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Rear hub motor with 14mm axle/10mm flats ok in regular 12mm/10mm dropouts/fork-end?

TheBeastie

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Jul 27, 2012
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2,097
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Melbourne Australia
I am doing a fat bike conversion and ordered a rear hub motor that was supposed to be with a standard rear axle of 12mm with 10mm flats.
I laced the motor into the rim and only after when trying to put the hub motor wheel in I noticed it didn't fit very well into the fat bikes frame dropouts, as shown in the pictures. Turns out they sent me a 14mm axle rear hub motor.

I double checked the chinese ebike website I ordered the motor from and 14mm rear hub motors isn't even an axle size they sell. So I am suspicious they had this 14mm axle sized hub motor sitting around and decided to just dump it on me.
I guess my main question is, will it work OK anyway? I guess there is a limit where it is dangerous, if I just use the LCD/controller settings at no more than something like 600watts of power will it be OK?

Here are a bunch of photos of the 14mm axle in the drop out that is meant for standard 12mm by 10mm axle.

I am pretty disappointed in the seller, I make a total $1600 AUD order and this is what I get.. I could have bought a complete electric fat bike locally for that money, it's so much cheaper than it used to be, but I thought it would be nice to build something that I wanted specifically..
I ordered some front fork 14mm front torque arm and going to try and make it work but I noticed standard front fork 14mm torque arms don't fit very well on a rear drop out, does anyone have any links to 14mm torque arms designed for the rear instead of front forks? As it doesn't seem to be a typical thing.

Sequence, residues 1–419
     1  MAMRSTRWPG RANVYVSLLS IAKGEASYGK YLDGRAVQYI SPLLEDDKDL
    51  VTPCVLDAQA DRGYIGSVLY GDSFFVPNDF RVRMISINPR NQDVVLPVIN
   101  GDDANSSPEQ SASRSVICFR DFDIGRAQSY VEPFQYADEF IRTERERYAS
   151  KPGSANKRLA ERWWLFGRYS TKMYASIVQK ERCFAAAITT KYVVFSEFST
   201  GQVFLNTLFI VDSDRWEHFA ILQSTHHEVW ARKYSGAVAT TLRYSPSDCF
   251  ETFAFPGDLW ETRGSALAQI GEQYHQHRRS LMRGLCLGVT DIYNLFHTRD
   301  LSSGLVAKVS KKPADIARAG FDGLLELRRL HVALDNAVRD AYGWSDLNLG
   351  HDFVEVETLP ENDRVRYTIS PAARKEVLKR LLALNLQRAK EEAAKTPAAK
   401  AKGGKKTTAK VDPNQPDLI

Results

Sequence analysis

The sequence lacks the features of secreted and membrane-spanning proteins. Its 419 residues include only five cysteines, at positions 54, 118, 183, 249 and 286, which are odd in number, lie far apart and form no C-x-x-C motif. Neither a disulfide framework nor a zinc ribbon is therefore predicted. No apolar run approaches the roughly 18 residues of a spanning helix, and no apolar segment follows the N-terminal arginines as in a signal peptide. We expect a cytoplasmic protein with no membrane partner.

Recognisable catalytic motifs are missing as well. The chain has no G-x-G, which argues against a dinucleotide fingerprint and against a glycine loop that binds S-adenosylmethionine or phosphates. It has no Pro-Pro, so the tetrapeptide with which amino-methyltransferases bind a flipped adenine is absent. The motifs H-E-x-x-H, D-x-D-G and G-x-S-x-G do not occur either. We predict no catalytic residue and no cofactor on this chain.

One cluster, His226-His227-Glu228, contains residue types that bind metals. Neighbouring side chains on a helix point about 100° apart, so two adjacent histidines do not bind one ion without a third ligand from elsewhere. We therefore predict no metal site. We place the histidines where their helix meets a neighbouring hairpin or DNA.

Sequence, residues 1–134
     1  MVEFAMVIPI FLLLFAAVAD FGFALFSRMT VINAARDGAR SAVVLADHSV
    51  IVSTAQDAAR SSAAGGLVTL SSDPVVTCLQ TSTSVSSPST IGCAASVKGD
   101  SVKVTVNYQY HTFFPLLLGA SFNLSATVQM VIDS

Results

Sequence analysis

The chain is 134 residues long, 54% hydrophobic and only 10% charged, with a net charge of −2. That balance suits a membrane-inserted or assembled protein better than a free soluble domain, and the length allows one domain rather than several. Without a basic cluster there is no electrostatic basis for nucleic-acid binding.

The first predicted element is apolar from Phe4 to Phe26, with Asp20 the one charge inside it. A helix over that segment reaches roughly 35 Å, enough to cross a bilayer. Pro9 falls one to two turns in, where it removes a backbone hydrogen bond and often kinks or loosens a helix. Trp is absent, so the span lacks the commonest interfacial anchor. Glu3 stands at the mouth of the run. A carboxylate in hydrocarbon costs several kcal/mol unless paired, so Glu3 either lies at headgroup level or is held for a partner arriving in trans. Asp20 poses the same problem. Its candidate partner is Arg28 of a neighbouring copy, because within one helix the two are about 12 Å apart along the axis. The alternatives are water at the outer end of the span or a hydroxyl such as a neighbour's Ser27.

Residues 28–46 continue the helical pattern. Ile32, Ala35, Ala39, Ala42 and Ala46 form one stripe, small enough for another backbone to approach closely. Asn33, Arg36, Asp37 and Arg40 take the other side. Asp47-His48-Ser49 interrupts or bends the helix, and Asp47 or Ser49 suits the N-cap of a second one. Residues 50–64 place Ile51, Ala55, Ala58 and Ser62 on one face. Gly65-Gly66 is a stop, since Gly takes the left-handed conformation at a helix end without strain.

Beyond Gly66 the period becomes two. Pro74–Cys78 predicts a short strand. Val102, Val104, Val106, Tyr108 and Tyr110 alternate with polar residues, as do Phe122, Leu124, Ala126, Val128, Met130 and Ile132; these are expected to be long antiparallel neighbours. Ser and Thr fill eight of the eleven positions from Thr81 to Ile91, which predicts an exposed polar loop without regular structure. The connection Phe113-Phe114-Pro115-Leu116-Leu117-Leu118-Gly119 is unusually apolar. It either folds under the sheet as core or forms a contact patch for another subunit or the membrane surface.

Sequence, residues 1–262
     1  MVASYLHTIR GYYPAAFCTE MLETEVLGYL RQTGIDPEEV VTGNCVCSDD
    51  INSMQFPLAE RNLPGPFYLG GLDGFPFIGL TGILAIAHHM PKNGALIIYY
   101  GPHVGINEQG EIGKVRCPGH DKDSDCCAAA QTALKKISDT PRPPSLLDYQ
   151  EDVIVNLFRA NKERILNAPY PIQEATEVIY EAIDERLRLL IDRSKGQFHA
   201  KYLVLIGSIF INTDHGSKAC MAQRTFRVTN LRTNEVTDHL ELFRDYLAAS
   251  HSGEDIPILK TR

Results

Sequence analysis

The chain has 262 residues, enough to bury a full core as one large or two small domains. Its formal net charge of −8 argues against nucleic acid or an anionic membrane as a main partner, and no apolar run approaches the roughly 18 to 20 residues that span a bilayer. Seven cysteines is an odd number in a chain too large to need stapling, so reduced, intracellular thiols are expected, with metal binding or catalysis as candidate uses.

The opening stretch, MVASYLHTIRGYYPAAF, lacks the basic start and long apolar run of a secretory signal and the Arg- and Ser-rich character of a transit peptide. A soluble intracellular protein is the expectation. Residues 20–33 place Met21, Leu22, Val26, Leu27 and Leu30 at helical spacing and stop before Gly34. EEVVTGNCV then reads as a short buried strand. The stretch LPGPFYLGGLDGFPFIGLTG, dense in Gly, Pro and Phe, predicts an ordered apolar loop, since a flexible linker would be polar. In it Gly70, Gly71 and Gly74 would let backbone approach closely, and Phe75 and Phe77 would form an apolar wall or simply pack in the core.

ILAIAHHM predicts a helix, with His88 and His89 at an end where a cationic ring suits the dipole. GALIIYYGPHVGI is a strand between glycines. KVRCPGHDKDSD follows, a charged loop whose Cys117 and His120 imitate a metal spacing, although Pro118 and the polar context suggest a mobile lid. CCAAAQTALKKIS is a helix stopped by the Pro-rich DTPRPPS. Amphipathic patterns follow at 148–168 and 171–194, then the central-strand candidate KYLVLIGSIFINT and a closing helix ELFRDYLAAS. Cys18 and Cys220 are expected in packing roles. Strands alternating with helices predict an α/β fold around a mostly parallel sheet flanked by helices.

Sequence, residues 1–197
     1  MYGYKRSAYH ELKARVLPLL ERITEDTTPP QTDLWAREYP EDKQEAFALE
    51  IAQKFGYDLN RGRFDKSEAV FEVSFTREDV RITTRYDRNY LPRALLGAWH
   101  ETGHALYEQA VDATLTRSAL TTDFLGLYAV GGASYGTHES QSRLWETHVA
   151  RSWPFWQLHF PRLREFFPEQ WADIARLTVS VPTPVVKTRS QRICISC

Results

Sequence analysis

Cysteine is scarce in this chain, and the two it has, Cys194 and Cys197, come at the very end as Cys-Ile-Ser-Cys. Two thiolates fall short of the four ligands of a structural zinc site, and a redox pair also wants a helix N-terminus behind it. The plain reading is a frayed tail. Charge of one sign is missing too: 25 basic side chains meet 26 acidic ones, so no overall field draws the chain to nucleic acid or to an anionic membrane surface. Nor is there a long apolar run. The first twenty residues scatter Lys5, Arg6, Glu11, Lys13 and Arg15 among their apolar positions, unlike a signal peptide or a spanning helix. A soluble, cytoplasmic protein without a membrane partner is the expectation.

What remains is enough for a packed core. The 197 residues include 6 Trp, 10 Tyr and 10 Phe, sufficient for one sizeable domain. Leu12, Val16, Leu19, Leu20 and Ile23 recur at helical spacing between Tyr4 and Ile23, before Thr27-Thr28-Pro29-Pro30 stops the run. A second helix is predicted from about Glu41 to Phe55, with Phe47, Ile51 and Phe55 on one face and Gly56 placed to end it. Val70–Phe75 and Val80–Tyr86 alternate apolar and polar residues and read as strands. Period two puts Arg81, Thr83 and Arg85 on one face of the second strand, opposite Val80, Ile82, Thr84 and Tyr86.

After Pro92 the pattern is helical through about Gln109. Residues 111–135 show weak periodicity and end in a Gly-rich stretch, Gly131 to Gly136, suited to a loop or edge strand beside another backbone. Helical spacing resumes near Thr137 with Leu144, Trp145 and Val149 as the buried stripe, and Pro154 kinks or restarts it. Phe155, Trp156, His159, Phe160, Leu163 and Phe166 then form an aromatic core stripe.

Thanks
 

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With a small round file you can carve out some material from the dropout (both "corners") to match the radius of the axle. This will allow it to seat further into the dropout. As long as the axle nut does not interfere with the derailleur mount, and with quality TAs*, you are good.

Take your time with the filing. Do not square the radius (by using a flat file, for ex.) as the corners would act as stress risers that make a crack more likely. Keep it rounded, but match the new axle larger radius.

20240502_012418c2.jpg

*Grintech TAs are well-made and designed. They are up to the job.

DO NOT use anything that resembles their "TorqArm_V1 / DISCONTINUED" model!!!

Comparison:
 
With a small round file you can carve out some material from the dropout (both "corners") to match the radius of the axle. This will allow it to seat further into the dropout. As long as the axle nut does not interfere with the derailleur mount, and with quality TAs*, you are good.

Take your time with the filing. Do not square the radius (by using a flat file, for ex.) as the corners would act as stress risers that make a crack more likely. Keep it rounded, but match the new axle larger radius.



*Grintech TAs are well-made and designed. They are up to the job.

DO NOT use anything that resembles their "TorqArm_V1 / DISCONTINUED" model!!!

Comparison:

Just an update..
Thanks for the advice and followed it. I decided to get the Grin V5 torque arm for both sides, and it worked out great in terms of fit and locking in the motor axle safely. 1718679194441.png1718679108034.png
 
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